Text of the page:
We investigated a novel sparsity-based regularization method in the wavelet domain of the inverse problem of electrocardiography that aims at preserving the spatiotemporal characteristics of heart-surface potentials. In three normal, anesthetized dogs, electrodes were implanted around the epicardium and body-surface electrodes were attached to the torso. Potential recordings were obtained simultaneously on the body surface and on the epicardium. A CT scan was used to digitize a homogeneous geometry which consisted of the body-surface electrodes and the epicardial surface. A novel multitask elastic-net-based method was introduced to regularize the ill-posed inverse problem. The method simultaneously pursues a sparse wavelet representation in time-frequency and exploits correlations in space. Performance was assessed in terms of quality of reconstructed epicardial potentials, estimated activation and recovery time, and estimated locations of pacing, and compared with performance of Tikhonov zeroth-order regularization. Results in the wavelet domain obtained higher sparsity than those in the time domain. Epicardial potentials were non-invasively reconstructed with higher accuracy than with Tikhonov zeroth-order regularization (p < 0.05), and recovery times were improved (p < 0.05). No significant improvement was found in terms of activation times and localization of origin of pacing. Next to improved estimation of recovery isochrones, which is important when assessing substrate for cardiac arrhythmias, this novel technique opens potentially powerful opportunities for clinical application, by allowing to choose wavelet bases that are optimized for specific clinical questions. Graphical Abstract The inverse problem of electrocardiography is to reconstruct heart-surface potentials from recorded bodysurface electrocardiograms (ECGs) and a torso-heart geometry. However, it is ill-posed and solving it requires additional constraints for regularization. We introduce a regularization method that simultaneously pursues a sparse wavelet representation in time-frequency and exploits correlations in space. Our approach reconstructs epicardial (heart-surface) potentials with higher accuracy than common methods. It also improves the reconstruction of recovery isochrones, which is important when assessing substrate for cardiac arrhythmias. This novel technique opens potentially powerful opportunities for clinical application, by allowing to choose wavelet bases that are optimized for specific clinical questions.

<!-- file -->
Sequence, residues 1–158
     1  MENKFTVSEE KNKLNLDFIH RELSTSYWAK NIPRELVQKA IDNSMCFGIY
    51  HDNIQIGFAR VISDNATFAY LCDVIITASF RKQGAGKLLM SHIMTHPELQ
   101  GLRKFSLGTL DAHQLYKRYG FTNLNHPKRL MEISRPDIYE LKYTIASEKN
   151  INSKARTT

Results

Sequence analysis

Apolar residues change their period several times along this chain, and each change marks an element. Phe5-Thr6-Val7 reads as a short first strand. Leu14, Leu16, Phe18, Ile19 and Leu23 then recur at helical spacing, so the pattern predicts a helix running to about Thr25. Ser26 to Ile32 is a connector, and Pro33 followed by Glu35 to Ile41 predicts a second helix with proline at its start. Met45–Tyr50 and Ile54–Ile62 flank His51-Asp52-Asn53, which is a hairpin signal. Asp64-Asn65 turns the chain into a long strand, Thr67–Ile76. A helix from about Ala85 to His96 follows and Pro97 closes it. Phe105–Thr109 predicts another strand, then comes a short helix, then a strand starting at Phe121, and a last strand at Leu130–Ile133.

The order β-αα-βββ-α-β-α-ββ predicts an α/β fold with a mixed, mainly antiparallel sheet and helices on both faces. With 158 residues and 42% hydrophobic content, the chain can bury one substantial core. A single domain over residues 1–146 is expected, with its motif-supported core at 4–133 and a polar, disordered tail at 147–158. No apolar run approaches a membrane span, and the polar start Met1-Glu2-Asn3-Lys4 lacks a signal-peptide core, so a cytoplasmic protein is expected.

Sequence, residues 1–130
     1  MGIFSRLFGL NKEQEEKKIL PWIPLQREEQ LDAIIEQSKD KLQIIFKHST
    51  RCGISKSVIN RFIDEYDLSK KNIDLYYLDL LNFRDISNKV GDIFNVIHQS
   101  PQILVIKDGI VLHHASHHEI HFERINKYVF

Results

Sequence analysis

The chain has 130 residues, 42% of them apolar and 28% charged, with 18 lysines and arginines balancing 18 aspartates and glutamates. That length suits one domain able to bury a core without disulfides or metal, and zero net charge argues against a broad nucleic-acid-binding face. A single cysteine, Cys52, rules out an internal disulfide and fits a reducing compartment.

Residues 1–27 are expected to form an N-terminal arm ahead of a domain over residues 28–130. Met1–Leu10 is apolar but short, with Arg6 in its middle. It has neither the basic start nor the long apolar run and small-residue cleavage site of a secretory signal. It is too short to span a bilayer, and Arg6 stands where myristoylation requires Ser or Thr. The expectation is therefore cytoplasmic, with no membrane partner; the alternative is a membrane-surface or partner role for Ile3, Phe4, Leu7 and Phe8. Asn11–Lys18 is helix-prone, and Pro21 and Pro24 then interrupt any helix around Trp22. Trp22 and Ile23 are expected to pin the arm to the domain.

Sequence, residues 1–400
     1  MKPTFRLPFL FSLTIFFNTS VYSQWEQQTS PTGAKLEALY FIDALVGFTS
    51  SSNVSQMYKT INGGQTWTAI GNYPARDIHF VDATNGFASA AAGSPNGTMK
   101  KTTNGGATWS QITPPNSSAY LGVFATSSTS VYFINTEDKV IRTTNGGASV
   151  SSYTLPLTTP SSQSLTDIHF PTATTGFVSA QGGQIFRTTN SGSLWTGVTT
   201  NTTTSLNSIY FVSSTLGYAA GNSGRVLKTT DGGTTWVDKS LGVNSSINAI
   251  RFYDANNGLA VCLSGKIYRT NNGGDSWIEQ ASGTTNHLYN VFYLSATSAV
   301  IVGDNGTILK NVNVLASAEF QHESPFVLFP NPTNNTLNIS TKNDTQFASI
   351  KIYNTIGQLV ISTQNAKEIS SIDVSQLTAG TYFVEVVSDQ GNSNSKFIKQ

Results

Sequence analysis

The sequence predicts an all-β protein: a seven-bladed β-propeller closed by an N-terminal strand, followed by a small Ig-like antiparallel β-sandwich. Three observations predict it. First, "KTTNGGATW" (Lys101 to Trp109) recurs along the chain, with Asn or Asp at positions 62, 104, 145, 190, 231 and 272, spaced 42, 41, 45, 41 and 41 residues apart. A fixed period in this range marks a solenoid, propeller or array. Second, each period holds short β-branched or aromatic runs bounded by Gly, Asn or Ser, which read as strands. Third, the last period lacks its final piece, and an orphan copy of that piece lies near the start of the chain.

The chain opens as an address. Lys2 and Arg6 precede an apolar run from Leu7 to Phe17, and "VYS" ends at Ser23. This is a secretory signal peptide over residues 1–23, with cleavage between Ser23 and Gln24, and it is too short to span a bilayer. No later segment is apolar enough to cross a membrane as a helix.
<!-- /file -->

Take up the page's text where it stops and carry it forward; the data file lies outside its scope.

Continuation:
- Journal Article
- Electrocardiographic imaging